Invoice Financing Explained

Invoice Financing Explained

Invoice financing is an often ignored or misunderstood way for companies to expand and grow. An asset-based working capital solution, it is where third parties agree to purchase unpaid invoices for a fee, allowing enterprises in need of hard capital to get an advance on the money they’re owed by customers.

The parties who purchase these outstanding debts are known as invoice financiers ranging from well-known high street banks to more bespoke, independent lenders. To get the full range of offers from the best lenders in the invoice finance market, you may want to speak to a broker such as Touch Financial.

In the UK, two different types of invoice financing exist: factoring and invoice discounting.

Factoring 

Debt factoring is where invoice financiers manage a company’s sales ledger, assuming the responsibility of collecting customer debts. Each time a debt is created, the institution will buy it from you, up to 100 per cent of its total value at the time of purchase.

Once the debt is collected, the full amount becomes available to the original owner, with interest and fees charged for the service. This means that if you sell an invoice for £5,000, you would initially receive £4,250 (85 per cent of the debt), with the remainder available when the money was received, minus any interest or fees owed.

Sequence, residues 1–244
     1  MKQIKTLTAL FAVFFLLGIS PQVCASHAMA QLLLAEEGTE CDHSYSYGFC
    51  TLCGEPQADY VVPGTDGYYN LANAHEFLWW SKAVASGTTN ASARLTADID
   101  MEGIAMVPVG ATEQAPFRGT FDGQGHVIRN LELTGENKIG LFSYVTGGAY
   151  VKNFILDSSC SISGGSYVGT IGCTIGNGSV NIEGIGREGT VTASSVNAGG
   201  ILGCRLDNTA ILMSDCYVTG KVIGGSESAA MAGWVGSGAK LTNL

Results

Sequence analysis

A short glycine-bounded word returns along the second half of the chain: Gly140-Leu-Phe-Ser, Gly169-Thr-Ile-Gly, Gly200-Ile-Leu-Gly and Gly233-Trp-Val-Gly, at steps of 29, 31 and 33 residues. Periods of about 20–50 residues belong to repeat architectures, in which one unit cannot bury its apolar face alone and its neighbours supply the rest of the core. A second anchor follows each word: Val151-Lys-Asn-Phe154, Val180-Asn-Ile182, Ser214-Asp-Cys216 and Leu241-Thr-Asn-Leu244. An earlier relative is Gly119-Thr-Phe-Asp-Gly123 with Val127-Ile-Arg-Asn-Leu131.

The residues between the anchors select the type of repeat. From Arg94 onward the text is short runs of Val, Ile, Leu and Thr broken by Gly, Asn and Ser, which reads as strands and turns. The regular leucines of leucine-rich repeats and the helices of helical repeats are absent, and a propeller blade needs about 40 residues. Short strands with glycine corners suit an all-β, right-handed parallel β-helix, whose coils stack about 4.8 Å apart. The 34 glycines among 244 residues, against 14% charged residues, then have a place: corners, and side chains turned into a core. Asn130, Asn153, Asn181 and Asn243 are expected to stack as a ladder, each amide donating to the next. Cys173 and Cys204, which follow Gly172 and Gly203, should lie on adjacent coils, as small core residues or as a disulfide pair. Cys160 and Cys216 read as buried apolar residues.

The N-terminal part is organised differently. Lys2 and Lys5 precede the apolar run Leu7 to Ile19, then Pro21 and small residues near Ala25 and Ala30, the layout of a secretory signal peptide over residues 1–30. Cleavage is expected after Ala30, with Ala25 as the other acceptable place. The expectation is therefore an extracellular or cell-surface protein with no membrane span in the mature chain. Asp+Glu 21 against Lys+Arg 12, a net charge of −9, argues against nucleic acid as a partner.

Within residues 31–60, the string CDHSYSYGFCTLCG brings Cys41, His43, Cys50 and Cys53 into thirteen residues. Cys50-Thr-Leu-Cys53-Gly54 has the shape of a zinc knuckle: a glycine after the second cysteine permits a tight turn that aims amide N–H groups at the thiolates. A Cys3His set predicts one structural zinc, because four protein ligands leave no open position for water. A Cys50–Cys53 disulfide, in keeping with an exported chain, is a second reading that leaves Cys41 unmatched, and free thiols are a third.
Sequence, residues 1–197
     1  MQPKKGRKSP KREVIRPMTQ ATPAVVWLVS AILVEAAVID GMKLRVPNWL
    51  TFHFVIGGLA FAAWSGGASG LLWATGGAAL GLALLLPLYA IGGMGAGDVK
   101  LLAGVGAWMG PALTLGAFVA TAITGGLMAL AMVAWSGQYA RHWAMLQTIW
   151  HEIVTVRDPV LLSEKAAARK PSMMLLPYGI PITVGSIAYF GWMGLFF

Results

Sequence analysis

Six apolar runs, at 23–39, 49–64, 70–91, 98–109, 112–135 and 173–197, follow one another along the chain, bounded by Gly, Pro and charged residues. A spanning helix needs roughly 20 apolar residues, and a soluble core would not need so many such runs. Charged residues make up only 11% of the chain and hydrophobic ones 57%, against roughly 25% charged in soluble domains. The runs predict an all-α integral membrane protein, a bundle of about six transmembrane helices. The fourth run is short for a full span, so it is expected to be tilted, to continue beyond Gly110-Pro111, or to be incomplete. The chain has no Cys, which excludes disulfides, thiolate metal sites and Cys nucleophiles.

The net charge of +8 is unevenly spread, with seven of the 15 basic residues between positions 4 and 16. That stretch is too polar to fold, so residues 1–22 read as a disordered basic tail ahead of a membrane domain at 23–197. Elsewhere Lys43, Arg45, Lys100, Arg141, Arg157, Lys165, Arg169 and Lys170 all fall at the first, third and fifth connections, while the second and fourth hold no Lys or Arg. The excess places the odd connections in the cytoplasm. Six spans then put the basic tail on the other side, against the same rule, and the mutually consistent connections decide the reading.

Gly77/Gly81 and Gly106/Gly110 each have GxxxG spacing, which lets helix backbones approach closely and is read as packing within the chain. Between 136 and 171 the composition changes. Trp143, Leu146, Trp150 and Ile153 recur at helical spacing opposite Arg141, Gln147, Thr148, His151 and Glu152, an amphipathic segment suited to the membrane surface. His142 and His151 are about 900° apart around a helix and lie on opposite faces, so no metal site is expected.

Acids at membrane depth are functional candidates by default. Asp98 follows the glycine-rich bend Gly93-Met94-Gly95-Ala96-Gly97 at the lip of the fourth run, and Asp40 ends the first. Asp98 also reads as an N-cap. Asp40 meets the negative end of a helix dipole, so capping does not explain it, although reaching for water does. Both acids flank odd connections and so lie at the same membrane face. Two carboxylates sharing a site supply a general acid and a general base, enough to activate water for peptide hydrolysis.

The main advantage of invoice financing in general is that it can provide an often large and immediate, increase in your cash flow. Factoring also reduces your responsibilities by handing control of your sales ledger to an outside body, thus freeing up some of your precious time.

Further, invoice financiers will perform credit checks on potential customers for you, so you’re less likely to transact with people who will default on their debt.

However, that’s not to say that the practice is without its drawbacks. Profit will, of course, be reduced, as your outgoings will be higher because you’re paying for the service you’re receiving. It can also restrict your access to other forms of funding (ie, an overdraft), as you won’t be able to use your ‘book debts’ twice over, so lose them as a form of security that can be promised to other lenders. Factoring has the added disadvantage of allowing a third party, rather than you, to liaise with your customers. Should they deliver a poor service, this will reflect badly on you.

Invoice Discounting

Invoice discounting works a little differently to factoring, in that the invoice financier does not take control of managing or collecting debts, but rather lends money against them (generally an agreed percentage of their total worth). A fee is charged for this service.

Once your customers begin to repay you, the money you receive is transferred to the invoice financier, to reduce your debt and allow you to borrow money on invoices from new sales up to the agreed amount

One advantage that invoice discounting has over factoring is that third parties will not be liaising with your customers, meaning that you alone are responsible for customer service and building your reputation. The fact that you retain full control over your own accounts, although it creates more work for you, can also provide you with a better overview of your business and how it is running.

Invoice financing is a much-underrated yet highly useful tool for those businesses that need immediate access to funds. By borrowing against promised future debts means that it poses a much lower risk of leaving you out of pocket than alternative finance options, making it an ideal choice for businesses, particularly for quickly growing firms such as startups, that are looking for a little help.

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